2021 congestion levy year
Car park owners were not eligible for a part-year concession for the 2021 congestion levy year as a result of the restrictions imposed by the COVID-19 Government Directions.
There are different conditions that apply to parking spaces located in public and private car parks in relation to claiming a part-year concession.
A parking space located in either a public or private car park may be eligible for a concession if it was exempt or did not exist as a parking space for part of the year preceding the assessment year. A parking space is considered to have ceased to exist if it has been converted to serve another function permanently. For example, during the year, a number of parking spaces were permanently converted into a garden to serve as a break-out or lunch area for employees, those parking spaces are considered to have ceased to exist.
A private car park owner can also apply for a concession on a parking space if it was not capable of being used as a parking space for any part of the preceding year. A parking space in a private car park that has been converted to serve some other purpose for a short period of time, may be considered as not capable of being used as a parking space for that period. For example, where parking spaces are used to operate as a farmers’ market, they are not capable of being used for parking cars (because of the presence of tents and stalls) during the operation hours of market. In addition, a private car park owner is only eligible for a concession on a parking space if it was an exempt parking space, not capable of being used or did not exist as a parking space for more than 30 days in the preceding year. The 30 days do not have to be consecutive.
Private car park
A private car park is undergoing building works and a parking space is temporarily unable to be used as a parking space due to the presence of construction equipment. Therefore, a part-year concession may apply.
Public car park
In the final six months of 2021, construction of office space started over 20 parking spaces in a public car park. A concession may apply for those six months in the 2022 levy year, with the result that the levy on that space is halved.
If you believe that you are entitled to claim a levy concession, please refer to our further details about this process.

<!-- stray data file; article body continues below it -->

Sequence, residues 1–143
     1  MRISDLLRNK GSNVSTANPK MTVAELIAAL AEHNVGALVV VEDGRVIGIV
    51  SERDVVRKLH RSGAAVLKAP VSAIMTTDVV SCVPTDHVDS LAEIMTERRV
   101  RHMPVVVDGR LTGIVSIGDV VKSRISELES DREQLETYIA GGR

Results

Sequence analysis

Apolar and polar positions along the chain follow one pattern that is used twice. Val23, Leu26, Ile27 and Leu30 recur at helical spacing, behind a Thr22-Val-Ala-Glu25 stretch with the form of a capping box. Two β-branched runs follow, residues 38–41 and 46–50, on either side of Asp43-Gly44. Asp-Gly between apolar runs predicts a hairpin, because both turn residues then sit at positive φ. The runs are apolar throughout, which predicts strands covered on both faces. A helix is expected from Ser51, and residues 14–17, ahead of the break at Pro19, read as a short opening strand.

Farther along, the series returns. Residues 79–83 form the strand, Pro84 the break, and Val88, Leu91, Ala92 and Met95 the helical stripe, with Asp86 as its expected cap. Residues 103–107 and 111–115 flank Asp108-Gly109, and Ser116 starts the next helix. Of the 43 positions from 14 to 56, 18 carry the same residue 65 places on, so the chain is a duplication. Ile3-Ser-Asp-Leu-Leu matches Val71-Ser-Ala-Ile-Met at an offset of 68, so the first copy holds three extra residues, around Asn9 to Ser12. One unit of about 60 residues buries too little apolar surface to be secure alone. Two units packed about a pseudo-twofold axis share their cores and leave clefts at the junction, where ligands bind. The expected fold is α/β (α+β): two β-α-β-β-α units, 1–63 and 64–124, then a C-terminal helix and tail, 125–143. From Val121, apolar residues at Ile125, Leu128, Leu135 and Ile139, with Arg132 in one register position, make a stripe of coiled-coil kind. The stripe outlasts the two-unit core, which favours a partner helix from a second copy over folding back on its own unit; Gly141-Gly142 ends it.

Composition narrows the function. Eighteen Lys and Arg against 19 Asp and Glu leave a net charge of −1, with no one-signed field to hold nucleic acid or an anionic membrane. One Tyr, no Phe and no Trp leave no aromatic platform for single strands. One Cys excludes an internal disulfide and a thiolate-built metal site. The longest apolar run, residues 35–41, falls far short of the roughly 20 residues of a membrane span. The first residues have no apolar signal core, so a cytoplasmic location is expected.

You may claim an exemption if a parking space is exempt for a full calendar year. A parking space may be exempt if it is either:
- owned by a specific class of owner, and/or
- used for a particular purpose.
If a parking space is only exempt for part of the calendar year, you may be eligible for a part-year concession as set out above.
The available exemptions from congestion levy are as follows:
A car parking space used exclusively by a resident to park their car while they are at home is exempt.
The exemption applies whether the parking space is owned by the resident or leased. A resident who leases a parking space needs to ask the owner of the parking space to claim an exemption on their behalf.
The exemption does not apply if a resident leases their parking space to a daily commuter who commutes to the CBD or for another non-residential purpose.
For more information, please refer to our page about renting out a parking space.
Guest parking at hotels, apartments or similar
If parking is provided by a hotel, serviced apartment or club guests in conjunction with their accommodation, the parking spaces are treated as being for residential purposes and are exempt.
The exemption only applies to parking spaces used exclusively by overnight guests. If a parking space is used by people who are not staying overnight, such as conference attendees, the exemption does not apply.
Parking for maintenance services and loading bays
A parking space is exempt if it is provided free of charge and used exclusively by a person who is:
- providing maintenance services to the owner or occupier of the premises on which the parking space is located, or
- engaged in the loading or unloading of goods or passengers.
A parking space is exempt if it is used exclusively by:
- clients, patients or consultants of the person who provides the parking space (whether that is the owner of the space or a person who controls the parking space under an agreement with the owner), or
- a person who is visiting the premises on which the parking space is located, as long as the premises are not the person's usual place of business or work.
The exemption does not apply if the person providing the parking space charges visitors a fee for parking in the space.
A medical practice has designated parking spaces for the exclusive use of visitors and patients of the medical practice and the parking spaces are made available free of charge. These spaces would be exempt. However, if staff of the medical practice or visitors of nearby businesses use these parking spaces, the visitor parking exemption will not apply.
Hospital visitor parking
This exemption only applies to parking spaces that are owned by or leased to a hospital that are used exclusively for the parking of a motor vehicle by hospital patients and their visitors. The exemption will apply even where a fee is charged for parking in the space.